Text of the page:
In its first account of statewide antibody testing, the Florida Department of Health reported Friday that about 4.4 percent of more than 123,000 tested came back positive for signs of an infection, providing a snapshot of how the disease might be spreading.

But the report warns that the accuracy of commercial lab results included in the mix is not known and experts say even results from approved tests could have a high degree of inaccuracy.

As he toured the state earlier this month to promote his plans to reopen Florida, Gov. Ron DeSantis repeatedly touted testing for COVID-19 antibodies as a signal that immunity may be lurking, undetected, among the population.

Updated May 7 at 12:30 p.m.

As the U.S. Army Corps of Engineers gathers public input on how to operate Lake Okeechobee once it finishes $1.8 billion in repairs to its aging dike, an old fight has resurfaced: how high to keep water levels.

It’s a question that has long dogged the naturally shallow lake deepened after flood control and now a source of water for South Florida.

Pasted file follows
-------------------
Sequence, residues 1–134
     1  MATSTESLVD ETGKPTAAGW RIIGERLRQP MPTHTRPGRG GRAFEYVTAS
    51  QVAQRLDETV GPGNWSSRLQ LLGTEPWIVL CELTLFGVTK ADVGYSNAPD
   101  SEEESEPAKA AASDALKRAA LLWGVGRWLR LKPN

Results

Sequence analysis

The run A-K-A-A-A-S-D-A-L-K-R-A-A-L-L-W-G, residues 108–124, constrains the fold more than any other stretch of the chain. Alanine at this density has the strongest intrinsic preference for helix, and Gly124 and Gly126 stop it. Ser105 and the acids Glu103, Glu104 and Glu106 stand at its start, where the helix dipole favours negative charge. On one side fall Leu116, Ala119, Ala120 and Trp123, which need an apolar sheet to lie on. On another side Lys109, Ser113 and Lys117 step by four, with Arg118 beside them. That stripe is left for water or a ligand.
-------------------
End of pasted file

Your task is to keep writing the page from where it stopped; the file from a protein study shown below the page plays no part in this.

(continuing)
Miami-Dade County opened its shuttered boat marinas Wednesday for the first time in more than five weeks, drawing boaters in masks eager for an outing on the water — even on a work day.

Two popular marinas at Crandon Park on Key Biscayne and Matheson Hammock in Coral Gables saw steady traffic, but not nearly the crush they expect to see this weekend.

Florida Democrats want federal auditors to investigate the state’s flawed unemployment system and a backlog they say ranks among the worst in the country.

A month after the U.S. Army Corps of Engineers said a Texas company searching for oil damaged wetlands in the Big Cypress National Preserve, the agency reversed the decision Friday.